Operating Systems of Mobile Devices (OSMZ)

Week XII. (26.4.-30.4.2021)

From today's point of view, the lecture on PalmOS and Symbian is already a look back at technologies that have not survived to the present day and have been "rolled over" by Android and iOS operating systems. The content of the lecture is no longer the subject of the exam.

PalmOS was something similar to Android in 2002 - it owned over 80% of the total mobile market. To illustrate this, I recommend looking at a typical PalmOS organizer from the perspective of a modern "review". During the time of their design, the designers assumed that the user would use it together with a desktop computer and that Palm would only serve as an intelligent diary and browser. That's why they chose the Motorola MC68000 16-bit processor as the basis, clocked at 16 MHz. In newer models, the processor frequency is doubled, and in models with PalmOS 5.0, an ARM processor clocked at higher frequencies is already used.

Computers running PalmOS up to version 4.1 are not designed for multimedia applications and do not have the appropriate hardware resources. That began to change later, but since Palm OS5, both the system and hardware began to lag significantly behind its rival Windows PocketPC from Microsoft, and after a few years it was completely over. Its history is summarized on Wikipedia - https://en.wikipedia.org/wiki/Palm_OS. At present, you will almost certainly not encounter these devices (unless you are a collector), and if it is mentioned, it is rather the subject of various experiments and technological demonstrations, such as this technological demo showing the PalmOS run on the STM32F4 Discovery kit. The video also includes a very detailed description. Many of these devices had very modest equipment (2MB ROM and 8MB RAM) and so it was necessary to use various "tweaks" and hardware hacks that bypassed many limitations. Instead of the keyboard, the Graffiti system (later Graffiti 2) was chosen for character entry; this change brought a significant reduction in price. The display resolution of most Palm computers is 160 by 160 pixels and 16 shades of gray; the display is 5 - 6 cm large. Of the 8 MB of RAM, 512 KB is used for the stack and operating system variables, and the remaining 7.5 MB can be completely filled with applications and data. In addition, the average application size for PalmOS is around 50 KB.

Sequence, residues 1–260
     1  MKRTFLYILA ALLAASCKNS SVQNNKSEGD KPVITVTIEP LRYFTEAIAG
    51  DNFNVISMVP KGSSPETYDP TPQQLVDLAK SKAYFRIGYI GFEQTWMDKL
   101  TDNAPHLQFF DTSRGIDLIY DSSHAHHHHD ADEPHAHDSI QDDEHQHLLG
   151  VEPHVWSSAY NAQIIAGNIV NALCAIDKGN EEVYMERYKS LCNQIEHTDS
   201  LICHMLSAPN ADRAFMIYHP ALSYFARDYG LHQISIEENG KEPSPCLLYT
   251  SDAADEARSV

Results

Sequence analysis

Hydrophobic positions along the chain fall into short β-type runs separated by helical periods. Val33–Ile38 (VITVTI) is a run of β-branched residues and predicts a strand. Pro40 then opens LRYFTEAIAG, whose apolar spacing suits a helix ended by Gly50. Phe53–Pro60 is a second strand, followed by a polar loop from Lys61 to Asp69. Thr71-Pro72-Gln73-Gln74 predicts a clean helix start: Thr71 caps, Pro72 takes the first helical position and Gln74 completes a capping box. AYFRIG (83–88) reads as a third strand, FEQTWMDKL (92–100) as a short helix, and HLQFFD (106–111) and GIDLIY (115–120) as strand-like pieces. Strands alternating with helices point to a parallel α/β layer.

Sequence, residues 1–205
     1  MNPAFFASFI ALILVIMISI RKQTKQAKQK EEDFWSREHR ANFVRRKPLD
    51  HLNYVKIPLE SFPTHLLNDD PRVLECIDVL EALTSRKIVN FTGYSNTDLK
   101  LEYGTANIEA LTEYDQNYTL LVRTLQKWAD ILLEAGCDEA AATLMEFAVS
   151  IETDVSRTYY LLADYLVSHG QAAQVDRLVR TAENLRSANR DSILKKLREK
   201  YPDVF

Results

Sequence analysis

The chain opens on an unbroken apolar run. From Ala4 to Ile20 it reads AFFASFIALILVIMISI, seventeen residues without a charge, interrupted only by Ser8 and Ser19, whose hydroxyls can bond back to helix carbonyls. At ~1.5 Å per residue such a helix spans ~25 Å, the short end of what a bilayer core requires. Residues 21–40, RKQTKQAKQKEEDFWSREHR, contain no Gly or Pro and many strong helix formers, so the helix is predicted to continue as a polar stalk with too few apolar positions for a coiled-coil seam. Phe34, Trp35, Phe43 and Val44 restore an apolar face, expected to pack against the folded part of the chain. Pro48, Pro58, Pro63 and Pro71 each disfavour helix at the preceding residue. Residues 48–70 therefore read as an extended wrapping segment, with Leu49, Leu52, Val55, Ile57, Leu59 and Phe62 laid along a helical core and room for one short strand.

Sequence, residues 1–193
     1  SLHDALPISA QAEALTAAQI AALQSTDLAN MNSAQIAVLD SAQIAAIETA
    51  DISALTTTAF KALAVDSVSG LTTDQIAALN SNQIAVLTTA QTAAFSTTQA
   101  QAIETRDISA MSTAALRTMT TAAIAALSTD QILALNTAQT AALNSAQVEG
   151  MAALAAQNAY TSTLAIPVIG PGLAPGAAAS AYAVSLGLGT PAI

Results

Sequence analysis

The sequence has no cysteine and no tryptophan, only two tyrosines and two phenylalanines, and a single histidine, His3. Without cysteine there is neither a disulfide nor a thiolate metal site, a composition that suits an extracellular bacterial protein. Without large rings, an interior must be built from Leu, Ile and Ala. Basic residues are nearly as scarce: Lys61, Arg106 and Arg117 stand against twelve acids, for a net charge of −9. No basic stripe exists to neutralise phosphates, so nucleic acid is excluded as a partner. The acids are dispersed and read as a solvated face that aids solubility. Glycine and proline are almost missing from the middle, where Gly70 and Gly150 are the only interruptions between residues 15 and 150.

The lecture mentions memory protection techniques (the processor does not have an MMU) and a method of storing data in the form of records that allowed the efficient use of each byte of memory. The operating system did not allow preemptive multitasking and uses application cooperation. This requires that all applications be built on a similar basis. The heart of every program must be the so-called event processing loop, in which we process system event messages that were delivered to our application by the operating system. If the application stops processing events, the computer "freezes" and needs to be restarted. The PalmOS operating system keeps event messages in a queue, in which messages are stored sequentially on the one hand and are removed sequentially and at different speeds by the active application or the operating system on the other. (PalmOS actually maintains two queues: the first for moving the pen across the Graffiti desktop, which generates many events, and the second for all other system events).

From today's point of view, however, these practices are already obsolete and it makes sense to think of them only as inspiration for technologies that appeared later.



Simulator PalmOS with collection of various applications